- Theresa May requests a two and a half month delay to Brexit.
- Under May’s plan, the United Kingdom would not leave until June 30, 2019.
- However, the European Union has already previously rejected this date.
- European Council President Donald Tusk reportedly backs a much longer 12-month “flextension” that would end once the UK seals a deal.
- Senior members of May’s Cabinet are prepared to quit if a long extension is agreed.
LONDON – Theresa May has written to the European Council President Donald Tusk requesting that Brexit be delayed until June 30, 2019.
The United Kingdom is currently due to leave the EU on April 12, which is the final date before the country would be obliged to take part in the upcoming European Parliament elections.
However, May told Tusk on Friday that she is “reluctantly” asking for a flexible extension lasting around two and half months, which could potentially end earlier if she can ratify a Brexit deal in the UK parliament in the coming weeks.
“It is frustrating that we have not yet brought this process to a successful and orderly conclusion,” the prime minister told the EU leader in a letter published this morning.
“If the parties are able to ratify before [June 30], the government proposes that the period should be terminated early.”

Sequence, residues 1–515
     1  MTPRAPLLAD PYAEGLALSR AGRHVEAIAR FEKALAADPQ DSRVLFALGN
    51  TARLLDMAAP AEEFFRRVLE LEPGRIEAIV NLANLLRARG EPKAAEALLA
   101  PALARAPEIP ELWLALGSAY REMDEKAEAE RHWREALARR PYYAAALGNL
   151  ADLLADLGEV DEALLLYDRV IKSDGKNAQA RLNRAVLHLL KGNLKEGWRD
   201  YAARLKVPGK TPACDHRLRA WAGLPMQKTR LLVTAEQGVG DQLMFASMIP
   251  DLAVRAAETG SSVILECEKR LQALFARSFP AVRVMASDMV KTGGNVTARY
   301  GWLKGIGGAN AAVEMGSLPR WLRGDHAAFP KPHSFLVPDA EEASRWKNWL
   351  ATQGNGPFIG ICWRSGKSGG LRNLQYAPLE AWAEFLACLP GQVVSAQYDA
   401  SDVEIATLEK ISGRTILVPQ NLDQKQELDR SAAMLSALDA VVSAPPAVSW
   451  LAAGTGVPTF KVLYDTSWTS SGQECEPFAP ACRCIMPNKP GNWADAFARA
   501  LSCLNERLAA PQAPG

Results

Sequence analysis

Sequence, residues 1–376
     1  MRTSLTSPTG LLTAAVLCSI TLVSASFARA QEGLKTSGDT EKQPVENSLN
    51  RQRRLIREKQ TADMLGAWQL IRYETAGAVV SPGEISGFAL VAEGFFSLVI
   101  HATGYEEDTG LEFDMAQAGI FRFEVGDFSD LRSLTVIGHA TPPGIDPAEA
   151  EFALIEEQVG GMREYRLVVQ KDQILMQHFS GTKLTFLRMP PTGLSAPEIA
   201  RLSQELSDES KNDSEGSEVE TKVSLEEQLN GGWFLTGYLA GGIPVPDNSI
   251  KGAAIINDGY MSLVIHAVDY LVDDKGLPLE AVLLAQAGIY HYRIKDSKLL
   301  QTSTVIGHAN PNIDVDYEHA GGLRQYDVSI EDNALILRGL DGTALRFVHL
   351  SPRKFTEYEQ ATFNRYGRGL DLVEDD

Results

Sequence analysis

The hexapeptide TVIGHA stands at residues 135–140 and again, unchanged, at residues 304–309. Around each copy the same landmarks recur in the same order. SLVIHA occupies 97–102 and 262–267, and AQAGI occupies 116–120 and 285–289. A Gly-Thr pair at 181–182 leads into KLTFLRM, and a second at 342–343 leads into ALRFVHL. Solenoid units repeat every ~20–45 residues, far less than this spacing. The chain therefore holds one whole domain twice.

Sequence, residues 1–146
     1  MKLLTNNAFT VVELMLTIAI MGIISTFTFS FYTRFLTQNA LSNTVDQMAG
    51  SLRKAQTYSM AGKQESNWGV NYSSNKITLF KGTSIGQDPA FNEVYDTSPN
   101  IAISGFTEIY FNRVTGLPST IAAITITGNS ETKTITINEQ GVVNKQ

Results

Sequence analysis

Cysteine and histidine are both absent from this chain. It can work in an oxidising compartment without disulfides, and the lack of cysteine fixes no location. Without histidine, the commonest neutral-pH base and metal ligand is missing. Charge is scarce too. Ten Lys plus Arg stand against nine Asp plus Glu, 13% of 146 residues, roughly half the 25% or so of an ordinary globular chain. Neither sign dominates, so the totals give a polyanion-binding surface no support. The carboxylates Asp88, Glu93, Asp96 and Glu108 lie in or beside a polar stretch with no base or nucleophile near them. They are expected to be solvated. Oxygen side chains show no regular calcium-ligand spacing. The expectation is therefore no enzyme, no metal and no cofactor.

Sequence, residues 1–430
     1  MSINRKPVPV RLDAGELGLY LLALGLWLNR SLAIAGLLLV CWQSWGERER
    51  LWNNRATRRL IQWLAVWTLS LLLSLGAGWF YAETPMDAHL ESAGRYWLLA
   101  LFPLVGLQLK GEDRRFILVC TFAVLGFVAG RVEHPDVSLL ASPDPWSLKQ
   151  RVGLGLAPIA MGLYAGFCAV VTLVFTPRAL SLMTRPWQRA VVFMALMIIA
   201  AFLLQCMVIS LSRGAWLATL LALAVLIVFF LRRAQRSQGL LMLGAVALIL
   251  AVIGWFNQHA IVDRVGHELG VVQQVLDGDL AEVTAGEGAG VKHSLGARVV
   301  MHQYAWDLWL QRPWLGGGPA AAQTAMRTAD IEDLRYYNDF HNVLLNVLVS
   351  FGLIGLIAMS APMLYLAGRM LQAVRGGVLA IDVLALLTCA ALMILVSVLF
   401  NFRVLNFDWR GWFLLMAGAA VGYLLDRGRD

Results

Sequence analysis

May’s proposal is identical to the terms of her original request that Brexit should be delayed beyond its original deadline of March 29.
This request was rejected by the EU at the time and senior figures in Brussels are now reportedly planning to offer a much longer delay to May when European leaders gather at an EU summit next week.
European Council President Tusk is ready to offer the UK a 12-month “flexible” extension that could end earlier once MPs in Westminster agrees a withdrawal deal, senior sources have told the BBC.
The EU’s proposed delay means that the UK would not be due to leave the EU until March 31, 2020.
The offer has been labelled as a “flextension” in an apparent attempt to help the prime minister, who has previously refused to countenance the idea of a long extension, to sell the plan.
However, the Article 50 process, through which the UK is due to leave the EU, already allows a member state to withdraw from the bloc early once an agreement is reached.
Any extension would need to be agreed unanimously by EU member states and approved by the UK parliament, under the terms of a backbench bill currently working its way through the Houses of Parliament.
Some member states, including France, are sceptical about a long extension.
Senior members of May’s Cabinet are also reportedly poised to quit if she accepts a long extension that takes the UK beyond the upcoming European Parliament elections next month.
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